Yesterday afternoon, as the web was sharing its upteenth Baby Yoda meme (there’s a new one, this time involving a cup), Lil Bub passed away. The “perma-kitten,” who captured the internet’s heart circa 2012, was just 8 years old. In an Instagram post, her owner/”dude” Mike Bridavsky posted that even though Bub had suffered from a bone infection (part of the reason for her appearance), “we weren’t expecting her to pass so soon or so abruptly without warning.” Bub died peacefully, he added, in her sleep.
There was something particularly devastating in Bridavsky’s post, though. This: “It is impossible to put into words the profound effect that Bub has had on my life … and on the lives of those of you that have cared for her as if she were your own family.” In the last couple of years, Lil Bub had faded somewhat from the internet’s memory. Similar to Grumpy Cat, she was still an online institution, but one that got drowned out amid weightier, more heated discussions on social media. Remembering her now, and remembering her visit to the WIRED office six years ago, feels like a reversal of the days when the internet would pretty much rally around anything cute. Online discourse is more serious now—these are more serious times—and it’s possible the age of universally loved internet cats is over.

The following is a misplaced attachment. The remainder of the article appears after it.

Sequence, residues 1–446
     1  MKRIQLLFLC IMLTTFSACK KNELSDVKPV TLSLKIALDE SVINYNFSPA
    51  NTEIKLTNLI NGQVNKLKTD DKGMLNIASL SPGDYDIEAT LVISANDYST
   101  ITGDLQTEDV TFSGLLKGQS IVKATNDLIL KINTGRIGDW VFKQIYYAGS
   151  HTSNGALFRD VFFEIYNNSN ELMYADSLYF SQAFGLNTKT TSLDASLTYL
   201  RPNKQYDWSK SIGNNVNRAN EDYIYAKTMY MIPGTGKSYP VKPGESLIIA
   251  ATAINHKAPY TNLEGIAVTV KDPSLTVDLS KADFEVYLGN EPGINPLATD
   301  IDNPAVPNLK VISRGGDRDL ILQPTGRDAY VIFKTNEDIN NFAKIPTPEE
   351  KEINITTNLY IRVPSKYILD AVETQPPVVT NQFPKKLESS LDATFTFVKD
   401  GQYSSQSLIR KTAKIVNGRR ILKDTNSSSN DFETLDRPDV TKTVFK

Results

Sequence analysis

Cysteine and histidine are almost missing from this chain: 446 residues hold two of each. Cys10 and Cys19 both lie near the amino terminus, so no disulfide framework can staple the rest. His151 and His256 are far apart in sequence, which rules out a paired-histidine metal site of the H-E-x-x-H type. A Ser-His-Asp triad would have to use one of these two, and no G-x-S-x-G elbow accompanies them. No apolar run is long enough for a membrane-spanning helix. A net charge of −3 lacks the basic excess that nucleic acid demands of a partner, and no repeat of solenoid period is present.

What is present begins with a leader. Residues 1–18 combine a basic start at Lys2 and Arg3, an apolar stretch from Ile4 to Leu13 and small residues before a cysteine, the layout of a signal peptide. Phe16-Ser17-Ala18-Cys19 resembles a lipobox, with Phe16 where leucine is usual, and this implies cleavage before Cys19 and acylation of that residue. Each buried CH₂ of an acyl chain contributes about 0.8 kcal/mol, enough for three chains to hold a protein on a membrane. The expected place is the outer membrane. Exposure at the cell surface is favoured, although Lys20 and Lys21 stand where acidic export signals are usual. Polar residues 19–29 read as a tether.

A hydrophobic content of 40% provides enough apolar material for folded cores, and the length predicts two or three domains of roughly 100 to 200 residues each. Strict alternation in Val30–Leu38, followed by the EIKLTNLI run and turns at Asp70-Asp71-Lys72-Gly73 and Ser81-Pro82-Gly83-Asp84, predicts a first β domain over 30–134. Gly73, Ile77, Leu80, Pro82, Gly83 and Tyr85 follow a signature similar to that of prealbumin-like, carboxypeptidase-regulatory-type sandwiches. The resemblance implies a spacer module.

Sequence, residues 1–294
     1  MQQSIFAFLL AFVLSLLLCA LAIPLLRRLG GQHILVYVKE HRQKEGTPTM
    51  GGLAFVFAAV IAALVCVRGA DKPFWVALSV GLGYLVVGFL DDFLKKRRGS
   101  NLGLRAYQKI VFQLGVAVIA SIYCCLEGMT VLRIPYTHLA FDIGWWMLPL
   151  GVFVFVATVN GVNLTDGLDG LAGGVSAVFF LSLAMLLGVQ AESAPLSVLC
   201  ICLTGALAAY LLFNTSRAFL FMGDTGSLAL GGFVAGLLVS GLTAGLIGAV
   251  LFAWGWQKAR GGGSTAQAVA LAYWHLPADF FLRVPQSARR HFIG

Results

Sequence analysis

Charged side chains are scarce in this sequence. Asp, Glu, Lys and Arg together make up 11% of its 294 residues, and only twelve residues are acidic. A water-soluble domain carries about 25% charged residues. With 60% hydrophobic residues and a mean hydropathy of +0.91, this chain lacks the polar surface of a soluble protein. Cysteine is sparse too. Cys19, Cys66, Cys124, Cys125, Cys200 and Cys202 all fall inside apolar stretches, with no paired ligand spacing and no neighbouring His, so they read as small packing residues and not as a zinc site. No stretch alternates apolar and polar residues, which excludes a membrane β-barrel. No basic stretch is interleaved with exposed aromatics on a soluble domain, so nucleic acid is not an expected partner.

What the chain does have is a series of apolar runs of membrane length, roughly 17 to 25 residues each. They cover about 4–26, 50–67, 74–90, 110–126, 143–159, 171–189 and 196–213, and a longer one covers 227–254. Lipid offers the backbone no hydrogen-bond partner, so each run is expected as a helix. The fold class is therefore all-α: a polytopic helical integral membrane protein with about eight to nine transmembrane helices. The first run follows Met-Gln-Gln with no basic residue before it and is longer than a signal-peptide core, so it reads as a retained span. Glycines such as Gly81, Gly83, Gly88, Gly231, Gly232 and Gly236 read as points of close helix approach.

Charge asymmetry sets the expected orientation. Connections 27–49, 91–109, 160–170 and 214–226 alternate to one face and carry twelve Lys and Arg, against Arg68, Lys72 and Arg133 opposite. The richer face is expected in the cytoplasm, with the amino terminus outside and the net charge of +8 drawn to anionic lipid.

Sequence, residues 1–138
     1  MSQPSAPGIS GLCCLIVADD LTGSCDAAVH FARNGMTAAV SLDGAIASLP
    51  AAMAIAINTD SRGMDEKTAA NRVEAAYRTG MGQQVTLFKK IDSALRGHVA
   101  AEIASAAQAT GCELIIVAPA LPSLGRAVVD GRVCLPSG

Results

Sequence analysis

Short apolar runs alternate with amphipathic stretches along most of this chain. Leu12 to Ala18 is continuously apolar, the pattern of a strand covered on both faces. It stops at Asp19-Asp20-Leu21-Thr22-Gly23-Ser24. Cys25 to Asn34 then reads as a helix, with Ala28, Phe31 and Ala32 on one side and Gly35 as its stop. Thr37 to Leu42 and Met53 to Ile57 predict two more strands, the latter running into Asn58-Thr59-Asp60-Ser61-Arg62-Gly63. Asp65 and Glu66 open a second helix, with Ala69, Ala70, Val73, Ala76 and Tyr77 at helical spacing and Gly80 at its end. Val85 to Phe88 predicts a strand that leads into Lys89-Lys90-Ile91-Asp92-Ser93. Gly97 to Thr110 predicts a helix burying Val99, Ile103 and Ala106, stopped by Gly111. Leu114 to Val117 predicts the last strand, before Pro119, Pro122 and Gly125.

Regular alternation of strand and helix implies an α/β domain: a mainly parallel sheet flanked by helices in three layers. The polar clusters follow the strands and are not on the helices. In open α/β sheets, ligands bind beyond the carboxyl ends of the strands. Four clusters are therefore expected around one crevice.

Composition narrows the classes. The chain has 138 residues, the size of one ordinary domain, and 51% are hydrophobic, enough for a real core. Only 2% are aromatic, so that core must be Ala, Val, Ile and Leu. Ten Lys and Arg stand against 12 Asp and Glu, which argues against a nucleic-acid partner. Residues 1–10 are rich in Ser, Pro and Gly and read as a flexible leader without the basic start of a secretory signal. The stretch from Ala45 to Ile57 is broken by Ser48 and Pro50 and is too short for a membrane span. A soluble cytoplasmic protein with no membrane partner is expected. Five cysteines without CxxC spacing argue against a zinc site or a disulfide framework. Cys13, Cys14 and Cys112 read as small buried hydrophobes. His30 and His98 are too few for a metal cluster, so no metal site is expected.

Yes, this is similar to WIRED’s take on the passing of Grumpy Cat, but the feeling holds true. Maybe it’s facing down the end of the decade that made her famous, but Lil Bub’s passing feels like the death of the era of Tumblr, of Mohawk Guy, of a lot of things that made people happy. We’ll always have Beyoncé to inspire joy, and people still post animal photos on social media, but few—if any—creatures have achieved the level of love those felines did.
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Yet Lil Bub was different than Grumpy Cat. Aside from the fact that they both had medical conditions that made them particularly photogenic, Lil Bub tapped into something more caring and careful. Grumpy Cat, as the name suggests, helped fans channel their frustration, their ennui. Lil Bub represented loving something unconditionally, of protecting those less powerful. She was the unofficial mascot of never punching down. The internet could use one of those right now.
Of course, other kinds of celebrities have taken her place. The cat—who once had her own book deal, documentary, album, and talk show—has now given rise to a class of influencers. Most of them are fashionistas, gamers, and fitness gurus. TikTok has provided a couple viral cats, but none with the name recognition of their early-2010s counterparts. The internet still loves cute, but it may never love a cat—or anything—as much as once loved Bub.
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